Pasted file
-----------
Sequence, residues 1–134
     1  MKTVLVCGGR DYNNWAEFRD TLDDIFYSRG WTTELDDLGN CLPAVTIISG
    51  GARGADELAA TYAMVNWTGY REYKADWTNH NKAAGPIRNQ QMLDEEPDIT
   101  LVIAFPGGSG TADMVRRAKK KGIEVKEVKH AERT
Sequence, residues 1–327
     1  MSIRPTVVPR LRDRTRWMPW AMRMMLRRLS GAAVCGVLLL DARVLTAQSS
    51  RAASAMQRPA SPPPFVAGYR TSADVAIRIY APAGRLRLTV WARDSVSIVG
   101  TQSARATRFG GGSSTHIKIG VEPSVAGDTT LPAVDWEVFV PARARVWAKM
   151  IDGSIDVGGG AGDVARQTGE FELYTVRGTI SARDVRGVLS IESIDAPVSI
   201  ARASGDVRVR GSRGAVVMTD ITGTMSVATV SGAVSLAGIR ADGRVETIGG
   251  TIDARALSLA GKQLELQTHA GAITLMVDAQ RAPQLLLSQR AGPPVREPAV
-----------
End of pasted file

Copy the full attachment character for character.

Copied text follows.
Sequence, residues 1–134
     1  MKTVLVCGGR DYNNWAEFRD TLDDIFYSRG WTTELDDLGN CLPAVTIISG
    51  GARGADELAA TYAMVNWTGY REYKADWTNH NKAAGPIRNQ QMLDEEPDIT
   101  LVIAFPGGSG TADMVRRAKK KGIEVKEVKH AERT
Sequence, residues 1–327
     1  MSIRPTVVPR LRDRTRWMPW AMRMMLRRLS GAAVCGVLLL DARVLTAQSS
    51  RAASAMQRPA SPPPFVAGYR TSADVAIRIY APAGRLRLTV WARDSVSIVG
   101  TQSARATRFG GGSSTHIKIG VEPSVAGDTT LPAVDWEVFV PARARVWAKM
   151  IDGSIDVGGG AGDVARQTGE FELYTVRGTI SARDVRGVLS IESIDAPVSI
   201  ARASGDVRVR GSRGAVVMTD ITGTMSVATV SGAVSLAGIR ADGRVETIGG
   251  TIDARALSLA GKQLELQTHA GAITLMVDAQ RAPQLLLSQR AGPPVREPAV